Finally, after many nervous minutes ascending the treacherously loose and shifting boulders we reached the apex of the highest summit of Shankland. I snapped a few photos but we quickly got the heck out of there. Our day was now officially feeling quite long but we had no choice at this point – we were finishing it properly. If we thought going up the shifting boulders was bad, going down was almost worse. Everything moved with the lightest touch. You know the feeling when you step on a huge boulder and it shifts? This was 10x worse because not only would the boulder you stepped on move, everything around it would also threaten to go!
Slowly we worked our way down to the col before finally stepping onto good ol’ normal scree again. Phew. I won’t be going back there again. I could tell that KC was getting sick of the peakbagging game, so we fueled up and slowly ascended easy terrain to the lower, possibly named, summit of Shankland. We were used to the views already, but the valley to the north was pretty sublime. Good thing, because we were about to get chest deep in it.
Nugara describes three possible descent routes for Shankland but I agree with him that the third one is really the only one worth considering. (The first is to return to the ascent line on MacLaren, the second is the green line on the map above.) From the summit, the NW ridge looked pretty easy and it was. Other than our tired bodies and minds, I really enjoyed this descent. There were larches here too, so a fall trip would be gorgeous in this area. When it was time to drop off the ridge things got pretty tough, especially for poor Kaycie who was pretty exhausted. Bushwhacking and routefinding at the end of a long, hot day is always less fun than you’d expect. (!) I managed to keep us on a pretty level contour line around the valley towards our exit point but we still encountered chest high brush, steep creeks and other natural obstacles.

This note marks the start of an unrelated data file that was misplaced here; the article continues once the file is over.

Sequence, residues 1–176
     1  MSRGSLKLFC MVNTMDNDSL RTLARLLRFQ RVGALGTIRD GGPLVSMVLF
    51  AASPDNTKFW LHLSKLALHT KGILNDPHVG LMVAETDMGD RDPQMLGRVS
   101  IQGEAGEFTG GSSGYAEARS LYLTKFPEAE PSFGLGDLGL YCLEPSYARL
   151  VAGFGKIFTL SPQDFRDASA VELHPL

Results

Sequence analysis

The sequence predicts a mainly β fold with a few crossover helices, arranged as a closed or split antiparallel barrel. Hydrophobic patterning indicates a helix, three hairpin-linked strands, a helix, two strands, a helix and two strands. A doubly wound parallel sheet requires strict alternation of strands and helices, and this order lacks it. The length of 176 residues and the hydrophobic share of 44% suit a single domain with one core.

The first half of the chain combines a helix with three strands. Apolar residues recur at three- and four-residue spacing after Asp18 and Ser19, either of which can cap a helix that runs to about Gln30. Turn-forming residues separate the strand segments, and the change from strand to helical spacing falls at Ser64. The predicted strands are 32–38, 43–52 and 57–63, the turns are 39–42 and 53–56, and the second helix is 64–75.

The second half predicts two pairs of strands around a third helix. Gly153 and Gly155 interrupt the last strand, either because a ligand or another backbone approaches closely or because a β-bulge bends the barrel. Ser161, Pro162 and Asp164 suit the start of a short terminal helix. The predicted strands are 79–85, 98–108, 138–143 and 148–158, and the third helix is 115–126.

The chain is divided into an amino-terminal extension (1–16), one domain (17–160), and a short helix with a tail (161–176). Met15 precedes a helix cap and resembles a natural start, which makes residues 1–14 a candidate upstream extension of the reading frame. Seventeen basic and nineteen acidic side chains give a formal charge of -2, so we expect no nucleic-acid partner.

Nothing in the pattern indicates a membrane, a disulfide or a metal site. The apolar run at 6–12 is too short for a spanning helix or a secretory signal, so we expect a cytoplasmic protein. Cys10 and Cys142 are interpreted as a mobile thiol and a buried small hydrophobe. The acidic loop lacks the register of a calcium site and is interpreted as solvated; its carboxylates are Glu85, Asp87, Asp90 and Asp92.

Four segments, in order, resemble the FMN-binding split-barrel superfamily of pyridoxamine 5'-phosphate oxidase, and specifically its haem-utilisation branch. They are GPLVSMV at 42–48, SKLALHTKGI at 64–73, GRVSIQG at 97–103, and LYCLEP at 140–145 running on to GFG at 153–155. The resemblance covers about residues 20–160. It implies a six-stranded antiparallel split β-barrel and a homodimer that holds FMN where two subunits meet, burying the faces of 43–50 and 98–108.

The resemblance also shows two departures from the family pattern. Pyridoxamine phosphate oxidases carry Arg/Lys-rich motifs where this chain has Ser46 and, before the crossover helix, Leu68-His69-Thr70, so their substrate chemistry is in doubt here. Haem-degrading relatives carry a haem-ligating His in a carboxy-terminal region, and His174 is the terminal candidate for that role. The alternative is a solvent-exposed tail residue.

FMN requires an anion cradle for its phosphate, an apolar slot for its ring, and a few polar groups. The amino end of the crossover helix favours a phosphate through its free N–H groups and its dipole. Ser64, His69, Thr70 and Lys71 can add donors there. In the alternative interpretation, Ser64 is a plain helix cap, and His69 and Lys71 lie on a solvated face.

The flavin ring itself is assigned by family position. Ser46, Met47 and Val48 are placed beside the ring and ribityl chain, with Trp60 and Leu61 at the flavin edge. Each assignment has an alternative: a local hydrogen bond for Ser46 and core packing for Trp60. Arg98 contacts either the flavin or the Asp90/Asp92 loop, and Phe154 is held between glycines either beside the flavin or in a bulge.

Our poor feet were very sick of traversing by the time we finally realized we were getting close to the base of Mount Strachan and our bivy on the shores of Carnarvon Lake. KC broke into the biggest smile I’d seen in hours as I told her we were all “downhill from here”! After a very full 12+ hour day we finally got to sit and enjoy the lake with a warm supper and a hot drink as the sun set, birds chirped, chipmunks came to investigate and the fish started to feed on the lake in front of us. Some days in life are better than others. This was one of the good ones.
It felt really great to be done our biggest excursion on the very first day of our trip but on hindsight I pushed it a bit much. Lesson learned. KC never complained (she’s not the type), but she was pretty tuckered out! I promised her a very simple and short next day – we only had 4km and less than 650m vertical to go up and down Mount Strachan and we didn’t have to move camp. While I can heartily recommend Mount MacLaren as a short(ish) scramble from Carnarvon Lake, I can’t really say the same thing about Mount Shankland. Yes, we got some great views off of it and yes, it’s not ascended that often thanks to it’s location, but there’s a reason it’s never going to be the most popular peak in the area. Unless you’re chasing some list, I would give it a solid “pass” and ascend Muir SW2 instead.
It was unexpected, but on the summit of MacLaren I realized I had cell coverage (Rogers). This was good and bad. It allowed me to check the wx and message Hann that we were OK, but it didn’t allow me to fully disconnect for our trip. The wx had improved greatly for the next day, only a few showers at night were forecast. (I got cell coverage on every peak that we ascended around Carnarvon Lake except Shankland. I could even pick up a signal from the lower slopes of Mount Strachan, just above camp. This is good to know in case you’re ever back there and need a wx update or make an emergency call.)